My OMG moment was really an MG moment; (the Greek symbol for omega) standing for my blood levels of omega-3 fats (called the Omega 3 Index). I recently used a home test kit to uncover my blood level of these important fats. I have my cholesterol and triglycerides checked every year, but never thought about checking omega-3 levels. I pricked my finger, collected a drop of blood, and send it off in the mail; the results came back and they weren’t good (For more information on the test, see

As a dietitian, I know I should eat more omega-3-rich fatty fish, as the American Heart Association recommends. But, I grew up eating fish sticks, not salmon. I don’t like salmon, mackerel, trout, or herring…fish with high levels of omega-3 fats. Omega-3 fats are the highly unsaturated fats that are tied to many healthy body functions, including:

·         Heart and blood vessel health

·         Anti-inflammation

·         Brain health (our brains are 60% fat)

·         Eye health (especially dry eye syndrome)

Omega-3 fats come with some long chemical names, so I’ll skip the biochemistry, and shorten them to the two most important omega 3s: EPA and DHA. There is another omega 3, ALA, found in flax and flaxseed oil, walnuts, and canola oil. While these are healthy fats, the conversion of ALA to DHA and EPA is rather small, so we can’t rely on ALA to provide us with EPA and DHA.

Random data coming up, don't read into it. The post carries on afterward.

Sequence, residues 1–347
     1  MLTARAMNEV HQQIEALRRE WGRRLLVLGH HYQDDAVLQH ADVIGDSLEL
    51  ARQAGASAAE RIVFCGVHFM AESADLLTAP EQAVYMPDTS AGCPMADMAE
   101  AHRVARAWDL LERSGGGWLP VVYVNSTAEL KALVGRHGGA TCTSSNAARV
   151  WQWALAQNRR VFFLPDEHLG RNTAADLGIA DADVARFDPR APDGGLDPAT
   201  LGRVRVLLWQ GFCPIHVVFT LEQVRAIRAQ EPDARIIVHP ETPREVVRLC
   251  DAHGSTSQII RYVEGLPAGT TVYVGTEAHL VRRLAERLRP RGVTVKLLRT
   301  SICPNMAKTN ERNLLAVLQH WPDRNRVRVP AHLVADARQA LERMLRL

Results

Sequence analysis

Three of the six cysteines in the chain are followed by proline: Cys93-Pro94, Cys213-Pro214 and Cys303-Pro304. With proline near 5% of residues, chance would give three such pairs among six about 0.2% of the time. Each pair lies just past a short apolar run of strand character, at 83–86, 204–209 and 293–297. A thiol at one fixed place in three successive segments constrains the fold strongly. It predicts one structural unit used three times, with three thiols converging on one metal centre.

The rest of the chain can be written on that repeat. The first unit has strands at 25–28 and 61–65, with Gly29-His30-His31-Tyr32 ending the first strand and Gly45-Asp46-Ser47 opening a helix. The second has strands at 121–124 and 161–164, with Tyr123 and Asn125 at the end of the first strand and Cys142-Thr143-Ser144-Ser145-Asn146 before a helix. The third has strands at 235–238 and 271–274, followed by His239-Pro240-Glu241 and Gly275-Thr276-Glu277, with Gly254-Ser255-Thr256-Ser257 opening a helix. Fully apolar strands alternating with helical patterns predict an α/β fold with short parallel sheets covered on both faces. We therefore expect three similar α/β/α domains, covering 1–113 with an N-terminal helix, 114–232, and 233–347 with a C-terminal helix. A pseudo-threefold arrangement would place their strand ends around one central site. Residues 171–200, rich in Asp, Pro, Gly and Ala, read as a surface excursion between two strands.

Back to my blood test; my Omega 3 Index was in the low-to moderate range. The Omega 3 Index was named by American and German scientists in early 2000s. Research showed that increasing the index from 3.5 to 6.8% was correlated with a 90% reduction in sudden death. Correlation doesn’t mean causation, but the strength of the association is impressive and makes it worth using the test as a marker to increase awareness of omega-3s. My plan is to increase my intake of omega-3 rich foods and take dietary supplements of fish oil and then repeat the test in the spring to see if I increased my Omega 3 Index.

I’ve already mentioned some fish high in omega-3s, but since I don’t like them, I will eat more crab, shrimp, and scallops. They have lower levels of omega-3s than fatty fish, but can contribute to total intake. Eating fortified foods is also a way to boost intake; eggs, some milk, orange juice, energy bars, and even some peanut butter have added omega-3s. These foods indicate that they have added DHA and EPA on the package, but check the label to find out how much is in each food. Lastly, I started on supplements. I should stay started again…. I used to take fish oil supplements, but stopped a few years ago.

When taking supplements, consider using fish oil or krill oil, and look for supplements that disclose the total amount of DHA and EPA, not just total amount of fish oil. For example, a supplement might say 1200 milligrams of fish oil but not reveal how much of that is EPA and DHA. The supplement I take has 360 milligrams of EPA and 240 milligrams of DHA in 2 pills (serving size is also an important thing to consider.) I don’t have a problem swallowing pills, but for those who do, krill oil might be a better choice because the pills are usually smaller. But, I do take a supplement that is labelled “burpless,” to reduce the fishy after taste of some supplements. Stay tuned; I’ll check in after I retest!

Here are some good resources for more information, including the American Heart Association recommendations on eating fish: